[Note: As the extensive program notes for this concert were entirely in German, purposely, a translation was not sought prior to the performance, wanting the music to speak entirely for itself.]
In the midst of the Lucerne Festival in Summer’s “Moderne” series (surrounded by choral, chamber, improvisation, theatre music, dance music and late-night “swing band”) came the Basel Sinfonietta to perform four works (three of them world premières commissioned by the Festival, Pro Helvetia and other sponsors) for a surprisingly large Sunday-morning audience in the Kultur and Kongresszentrum Luzern’s concert hall.
Conductor Stefan Asbury is one of today’s composers finest, most dedicated allies. With somewhat of a deferring demeanour, he led his equally-talented charges in committed, detail-rich readings over a couple of hours that would have left many other maestros at the starting gate.
Martin Jaggi’s Moloch for Large Orchestra (2008) was infused with copious amounts of snap, growl and siren-like bluster (the bass flute added a delectable breath of exotic air; the contra-bass clarinet melded its own distinctive hue into the music’s cavernous sub terrain).
With so much power unleashed (the cellos’ C strings were pulled on vigorously with abandon), it took on the aura and persona of an orchestral monster. Fascinating as that was, there were so many emotions in the mix (joy, sadly absent as is frequently true in many twenty-first century works: a reflection of our times?) that it was difficult to latch onto, much less savour the one that mattered most.
Beginning the first hearings was Nadir Vassena’s altri naufragi (other shipwrecks). The intriguing notion of blind art (the philosophical sister of justice) was personified with red bandanas preventing a covey of instrumentalists from seeing any notes (truth) or the conductor (leader).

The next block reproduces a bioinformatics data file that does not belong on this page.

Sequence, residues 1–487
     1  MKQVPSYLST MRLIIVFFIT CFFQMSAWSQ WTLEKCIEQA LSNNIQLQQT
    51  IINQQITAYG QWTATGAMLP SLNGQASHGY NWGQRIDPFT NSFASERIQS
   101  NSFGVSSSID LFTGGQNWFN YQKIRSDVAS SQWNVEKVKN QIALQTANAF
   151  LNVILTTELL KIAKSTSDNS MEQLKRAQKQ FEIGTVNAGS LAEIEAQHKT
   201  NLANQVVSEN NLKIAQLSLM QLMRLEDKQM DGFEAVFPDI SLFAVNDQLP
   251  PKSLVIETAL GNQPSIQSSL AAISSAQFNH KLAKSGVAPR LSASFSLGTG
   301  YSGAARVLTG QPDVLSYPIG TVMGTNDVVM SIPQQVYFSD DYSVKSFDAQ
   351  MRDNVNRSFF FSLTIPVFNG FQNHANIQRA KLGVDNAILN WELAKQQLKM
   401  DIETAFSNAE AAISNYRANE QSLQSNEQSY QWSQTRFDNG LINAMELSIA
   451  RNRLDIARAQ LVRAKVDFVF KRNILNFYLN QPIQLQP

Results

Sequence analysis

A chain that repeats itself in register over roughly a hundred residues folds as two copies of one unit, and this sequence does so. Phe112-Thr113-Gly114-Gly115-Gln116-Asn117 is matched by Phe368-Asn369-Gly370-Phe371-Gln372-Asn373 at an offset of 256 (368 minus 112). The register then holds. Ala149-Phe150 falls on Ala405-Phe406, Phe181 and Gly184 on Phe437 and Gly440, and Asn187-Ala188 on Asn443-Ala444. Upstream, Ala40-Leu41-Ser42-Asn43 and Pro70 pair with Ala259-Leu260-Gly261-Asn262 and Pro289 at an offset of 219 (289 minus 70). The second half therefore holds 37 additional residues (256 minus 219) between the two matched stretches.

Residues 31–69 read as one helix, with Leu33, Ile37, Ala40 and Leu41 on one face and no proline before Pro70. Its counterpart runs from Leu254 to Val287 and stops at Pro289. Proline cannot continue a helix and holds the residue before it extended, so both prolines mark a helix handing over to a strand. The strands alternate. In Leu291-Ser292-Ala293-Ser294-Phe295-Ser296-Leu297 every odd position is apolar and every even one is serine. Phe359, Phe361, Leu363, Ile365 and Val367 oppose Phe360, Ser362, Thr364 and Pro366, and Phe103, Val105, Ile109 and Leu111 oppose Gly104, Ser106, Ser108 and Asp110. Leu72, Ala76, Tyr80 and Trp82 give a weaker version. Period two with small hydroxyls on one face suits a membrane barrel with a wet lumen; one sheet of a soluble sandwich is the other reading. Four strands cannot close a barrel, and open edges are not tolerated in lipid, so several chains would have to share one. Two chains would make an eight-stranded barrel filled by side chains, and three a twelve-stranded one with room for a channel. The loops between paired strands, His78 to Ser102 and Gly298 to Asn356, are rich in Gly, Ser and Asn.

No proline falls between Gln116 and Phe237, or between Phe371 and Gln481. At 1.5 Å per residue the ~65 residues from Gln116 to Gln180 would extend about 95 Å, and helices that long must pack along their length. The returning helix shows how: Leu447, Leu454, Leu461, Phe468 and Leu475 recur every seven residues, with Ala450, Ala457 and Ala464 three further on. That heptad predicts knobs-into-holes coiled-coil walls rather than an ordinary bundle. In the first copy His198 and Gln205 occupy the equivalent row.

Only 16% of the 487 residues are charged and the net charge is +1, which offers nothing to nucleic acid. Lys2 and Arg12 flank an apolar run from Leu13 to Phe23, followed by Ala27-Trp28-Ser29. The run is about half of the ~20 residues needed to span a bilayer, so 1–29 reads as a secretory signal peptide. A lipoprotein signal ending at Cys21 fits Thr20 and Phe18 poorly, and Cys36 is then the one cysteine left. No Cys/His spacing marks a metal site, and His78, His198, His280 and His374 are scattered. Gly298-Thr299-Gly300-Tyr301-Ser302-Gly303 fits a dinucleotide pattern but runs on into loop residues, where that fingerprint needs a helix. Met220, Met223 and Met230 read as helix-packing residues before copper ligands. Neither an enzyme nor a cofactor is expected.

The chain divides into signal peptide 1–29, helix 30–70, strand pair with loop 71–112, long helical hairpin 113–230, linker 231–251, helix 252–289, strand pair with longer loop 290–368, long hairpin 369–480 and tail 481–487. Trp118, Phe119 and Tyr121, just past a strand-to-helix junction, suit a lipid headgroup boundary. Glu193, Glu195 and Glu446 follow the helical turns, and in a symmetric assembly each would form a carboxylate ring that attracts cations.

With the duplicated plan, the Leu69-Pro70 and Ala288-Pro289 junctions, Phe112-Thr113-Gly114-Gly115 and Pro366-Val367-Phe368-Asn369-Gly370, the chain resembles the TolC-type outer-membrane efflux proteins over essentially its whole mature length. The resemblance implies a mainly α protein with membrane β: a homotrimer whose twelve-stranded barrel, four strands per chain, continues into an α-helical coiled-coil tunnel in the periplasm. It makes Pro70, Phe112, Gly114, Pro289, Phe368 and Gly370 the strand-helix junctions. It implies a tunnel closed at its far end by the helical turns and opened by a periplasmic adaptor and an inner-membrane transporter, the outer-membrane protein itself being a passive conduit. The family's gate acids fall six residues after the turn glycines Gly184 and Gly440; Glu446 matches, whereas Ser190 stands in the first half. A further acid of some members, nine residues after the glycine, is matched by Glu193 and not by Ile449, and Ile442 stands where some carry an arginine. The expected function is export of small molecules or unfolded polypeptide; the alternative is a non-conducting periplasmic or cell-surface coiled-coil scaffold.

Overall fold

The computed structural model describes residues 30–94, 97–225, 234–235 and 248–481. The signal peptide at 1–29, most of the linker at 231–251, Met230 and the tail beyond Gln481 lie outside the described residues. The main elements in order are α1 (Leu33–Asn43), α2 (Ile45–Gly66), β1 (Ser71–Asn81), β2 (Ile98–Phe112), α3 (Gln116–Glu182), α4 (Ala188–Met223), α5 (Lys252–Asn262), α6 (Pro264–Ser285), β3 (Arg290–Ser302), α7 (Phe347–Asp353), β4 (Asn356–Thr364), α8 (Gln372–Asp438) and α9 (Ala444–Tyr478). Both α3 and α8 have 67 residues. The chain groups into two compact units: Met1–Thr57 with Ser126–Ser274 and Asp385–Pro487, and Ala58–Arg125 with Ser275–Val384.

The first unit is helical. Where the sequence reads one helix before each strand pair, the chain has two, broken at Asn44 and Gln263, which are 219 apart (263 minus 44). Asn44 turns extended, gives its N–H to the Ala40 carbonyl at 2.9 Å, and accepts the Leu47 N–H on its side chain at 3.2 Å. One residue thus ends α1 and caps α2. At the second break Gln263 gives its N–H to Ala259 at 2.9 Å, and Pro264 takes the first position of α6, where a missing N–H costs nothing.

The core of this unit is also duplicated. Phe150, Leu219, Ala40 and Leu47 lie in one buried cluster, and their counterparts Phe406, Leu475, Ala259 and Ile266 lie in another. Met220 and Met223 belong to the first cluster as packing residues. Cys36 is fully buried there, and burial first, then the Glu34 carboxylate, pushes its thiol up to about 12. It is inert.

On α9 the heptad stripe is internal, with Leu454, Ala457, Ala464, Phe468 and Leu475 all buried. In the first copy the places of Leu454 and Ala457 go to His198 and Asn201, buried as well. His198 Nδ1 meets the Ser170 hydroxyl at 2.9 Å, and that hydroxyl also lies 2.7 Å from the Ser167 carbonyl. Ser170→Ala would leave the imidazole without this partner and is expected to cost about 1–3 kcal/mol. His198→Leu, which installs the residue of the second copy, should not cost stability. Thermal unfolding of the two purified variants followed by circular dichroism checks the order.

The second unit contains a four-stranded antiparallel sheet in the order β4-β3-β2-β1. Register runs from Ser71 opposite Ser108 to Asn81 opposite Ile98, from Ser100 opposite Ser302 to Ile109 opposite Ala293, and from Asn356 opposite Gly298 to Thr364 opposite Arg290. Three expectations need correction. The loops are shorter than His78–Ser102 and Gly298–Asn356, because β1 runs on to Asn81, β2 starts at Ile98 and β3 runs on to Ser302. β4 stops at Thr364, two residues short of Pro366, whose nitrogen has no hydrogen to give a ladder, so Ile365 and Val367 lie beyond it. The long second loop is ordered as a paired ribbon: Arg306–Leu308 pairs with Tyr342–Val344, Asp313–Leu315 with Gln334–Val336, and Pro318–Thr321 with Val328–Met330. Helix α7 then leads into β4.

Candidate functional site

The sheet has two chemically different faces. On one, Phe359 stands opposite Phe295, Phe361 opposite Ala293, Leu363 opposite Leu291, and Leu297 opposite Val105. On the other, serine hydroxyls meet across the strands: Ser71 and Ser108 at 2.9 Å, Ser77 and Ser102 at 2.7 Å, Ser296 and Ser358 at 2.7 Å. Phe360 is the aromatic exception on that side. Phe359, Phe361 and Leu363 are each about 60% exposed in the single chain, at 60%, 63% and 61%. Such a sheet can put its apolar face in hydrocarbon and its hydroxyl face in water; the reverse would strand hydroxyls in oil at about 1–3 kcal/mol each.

What began as a sound- and light-scape show lost much of its initial impact after vision was restored to performers and patrons alike. Kudos to the high tuba; not so fine was the somewhat messy Rite of Spring rhythmical effect which preceded the penetrating bottom of the brass. A final flurry of animation—tipped off by the French horns—provided a resounding last hurrah before the musical tide went out.
In a manner similar to works by Xenakis, Stockhausen and John Adams (in the latter’s case the first movement of Harmonielehre), Fritz Hauser’s Hatching for Gong and Orchestra brought new meaning to minimalism as he (on a beautifully cast, small-circumference gong) and several-dozen players rubbed and scratched the deceptively-simple art to the surface.
The 15-minute arch (once again, with sound and light elements) had the on-stage musicians draw sound from their usual instruments with slender metal rods rather than their usual bows, embouchures and sticks. A few discreetly inserted colours from off-stage winds (notably the bass clarinet) provided a quiet link to more “regular” music making.
It came as no surprise that the intensity of the thoughtful texture drew a few nervous giggles from some of the crowd before the mystical effect took hold: Think group therapy of a highly different sort.
After the second major stage re-set (with no official intermission, the program went on too long for one seating—the post-concerts WC line-ups went around the block for both sexes), Michael Wertmüller’s Zeitkugel (Time Twister): Concerto for Piano/Organ and Orchestra closed the musical feast with a stunning display of finger-craft and rhythmic dexterity from soloist Dominik Blum.
On the piano, the nimble performer dashed through the can’t-sit-still solo lines with incredible precision and verve. Up in the loft, he gave the magnificent organ a similarly wild ride, leaving its massive pipes and the somewhat stunned listeners (Is it over?) gasping for air by journey’s end.
With an obvious understanding and affection for times past (especially George Gershwin’s rapid-fire repeated notes and Charles Ives’ simultaneous, multi-pulse orchestra inventions—four extra conductors were required at some points here), it was a wonderfully informative experience to see/hear this composer’s take on where we’ve been. The next installment from Wertmüller’s considerable creative abilities is eagerly awaited. JWR